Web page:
I figured he had found Nirvana. I figured I would never see him again. I figured I would throw a rock through the window of the vet clinic at 3 the next morning for not securing his carrier. Man, I was stressing, screaming at all the people from the clinic, telling them it was their fault. I had gone mad.
Luckily, the people who lived in the house where Oliver ran were the nicest people on Earth. They let me hang out at their house for many hours that evening, and 13 hours the next day. Carol, the woman of the house, brought food and water out to me and let me join the family for dinner that first night. She crouched behind fences and darted through the woods as if it were her own dog, Stanley, who was missing. In fact, she kept Stanley, a bulldog, in the house the whole next day which couldn't have been easy for Stanley.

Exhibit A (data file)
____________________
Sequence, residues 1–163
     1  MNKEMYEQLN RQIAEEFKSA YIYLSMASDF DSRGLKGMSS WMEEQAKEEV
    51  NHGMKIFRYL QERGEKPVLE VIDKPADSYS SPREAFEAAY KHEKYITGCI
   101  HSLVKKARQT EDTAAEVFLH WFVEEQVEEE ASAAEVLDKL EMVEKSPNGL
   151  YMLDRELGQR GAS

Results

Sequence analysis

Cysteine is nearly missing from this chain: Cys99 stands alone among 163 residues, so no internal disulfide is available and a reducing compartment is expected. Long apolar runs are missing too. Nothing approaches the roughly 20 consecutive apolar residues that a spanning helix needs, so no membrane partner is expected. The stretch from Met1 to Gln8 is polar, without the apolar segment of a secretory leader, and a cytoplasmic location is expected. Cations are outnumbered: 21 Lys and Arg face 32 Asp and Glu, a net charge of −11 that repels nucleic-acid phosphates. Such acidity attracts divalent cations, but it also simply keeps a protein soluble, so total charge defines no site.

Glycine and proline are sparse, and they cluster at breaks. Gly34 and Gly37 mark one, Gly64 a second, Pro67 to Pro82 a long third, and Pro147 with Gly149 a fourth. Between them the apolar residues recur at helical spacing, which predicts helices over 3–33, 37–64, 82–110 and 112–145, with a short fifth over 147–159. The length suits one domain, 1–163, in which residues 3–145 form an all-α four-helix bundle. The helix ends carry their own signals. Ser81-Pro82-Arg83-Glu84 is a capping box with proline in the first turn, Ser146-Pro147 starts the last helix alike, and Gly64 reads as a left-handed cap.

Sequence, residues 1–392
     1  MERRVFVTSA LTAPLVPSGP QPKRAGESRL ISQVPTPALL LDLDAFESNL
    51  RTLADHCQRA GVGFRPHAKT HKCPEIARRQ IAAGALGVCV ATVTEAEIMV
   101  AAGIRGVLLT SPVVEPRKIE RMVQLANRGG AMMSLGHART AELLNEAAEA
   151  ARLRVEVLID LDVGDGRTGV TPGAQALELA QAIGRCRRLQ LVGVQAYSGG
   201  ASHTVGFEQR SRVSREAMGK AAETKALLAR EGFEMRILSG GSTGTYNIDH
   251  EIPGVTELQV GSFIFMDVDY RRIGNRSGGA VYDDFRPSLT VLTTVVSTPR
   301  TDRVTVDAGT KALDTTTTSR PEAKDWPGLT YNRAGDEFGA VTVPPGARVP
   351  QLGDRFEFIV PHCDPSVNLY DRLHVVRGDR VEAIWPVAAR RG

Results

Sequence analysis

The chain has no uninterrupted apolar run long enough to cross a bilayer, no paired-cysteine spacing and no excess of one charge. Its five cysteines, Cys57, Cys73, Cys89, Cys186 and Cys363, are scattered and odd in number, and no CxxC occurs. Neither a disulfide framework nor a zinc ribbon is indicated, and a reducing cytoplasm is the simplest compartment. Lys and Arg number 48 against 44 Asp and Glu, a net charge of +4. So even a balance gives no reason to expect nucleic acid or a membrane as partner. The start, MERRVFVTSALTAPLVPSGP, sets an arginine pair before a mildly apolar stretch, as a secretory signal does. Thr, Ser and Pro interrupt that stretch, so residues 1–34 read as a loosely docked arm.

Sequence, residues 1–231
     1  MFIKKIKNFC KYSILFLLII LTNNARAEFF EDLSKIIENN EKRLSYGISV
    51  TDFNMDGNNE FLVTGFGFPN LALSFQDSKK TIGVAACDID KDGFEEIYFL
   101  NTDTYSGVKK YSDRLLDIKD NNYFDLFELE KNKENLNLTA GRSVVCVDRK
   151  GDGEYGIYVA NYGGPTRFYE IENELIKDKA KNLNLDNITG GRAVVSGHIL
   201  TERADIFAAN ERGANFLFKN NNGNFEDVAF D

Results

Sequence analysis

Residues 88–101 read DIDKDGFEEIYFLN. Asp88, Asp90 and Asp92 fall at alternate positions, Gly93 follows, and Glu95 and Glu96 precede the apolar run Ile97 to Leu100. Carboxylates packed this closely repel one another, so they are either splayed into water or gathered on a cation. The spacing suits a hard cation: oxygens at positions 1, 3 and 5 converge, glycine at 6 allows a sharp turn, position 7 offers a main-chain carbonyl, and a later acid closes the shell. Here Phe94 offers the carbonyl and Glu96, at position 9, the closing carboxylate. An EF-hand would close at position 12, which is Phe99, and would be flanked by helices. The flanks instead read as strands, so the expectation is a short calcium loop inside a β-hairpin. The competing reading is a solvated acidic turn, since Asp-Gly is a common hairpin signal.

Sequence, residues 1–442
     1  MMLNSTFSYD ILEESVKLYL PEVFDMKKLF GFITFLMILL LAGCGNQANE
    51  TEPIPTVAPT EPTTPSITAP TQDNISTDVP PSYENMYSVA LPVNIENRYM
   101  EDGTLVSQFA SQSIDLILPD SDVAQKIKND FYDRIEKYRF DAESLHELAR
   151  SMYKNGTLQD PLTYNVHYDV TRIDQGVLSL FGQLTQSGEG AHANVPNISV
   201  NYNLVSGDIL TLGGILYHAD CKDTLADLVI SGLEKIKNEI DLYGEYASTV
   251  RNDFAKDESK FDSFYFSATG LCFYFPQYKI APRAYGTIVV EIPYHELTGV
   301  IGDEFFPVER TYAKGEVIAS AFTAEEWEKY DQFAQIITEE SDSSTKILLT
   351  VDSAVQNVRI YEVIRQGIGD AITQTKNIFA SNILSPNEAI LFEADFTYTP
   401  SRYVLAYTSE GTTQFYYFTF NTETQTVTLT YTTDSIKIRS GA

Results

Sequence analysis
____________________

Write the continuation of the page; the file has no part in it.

I have a tumor disorder and the subsequent pain makes traipsing through the woods unwise, so I spent most of the time just lying flat on a little patch of lawn, bits of kibble on my chest, calling plaintively for the elusive Oliver. I caught a glimpse of him early the next morning and was within grabbing distance, but he would have none of it. Later that day, he was literally eating out of my hand but was still fairly freaked and wouldn't let me touch him. I cried. Hard. I sobbed, screamed, cursed and generally bawled myself to sleep that night.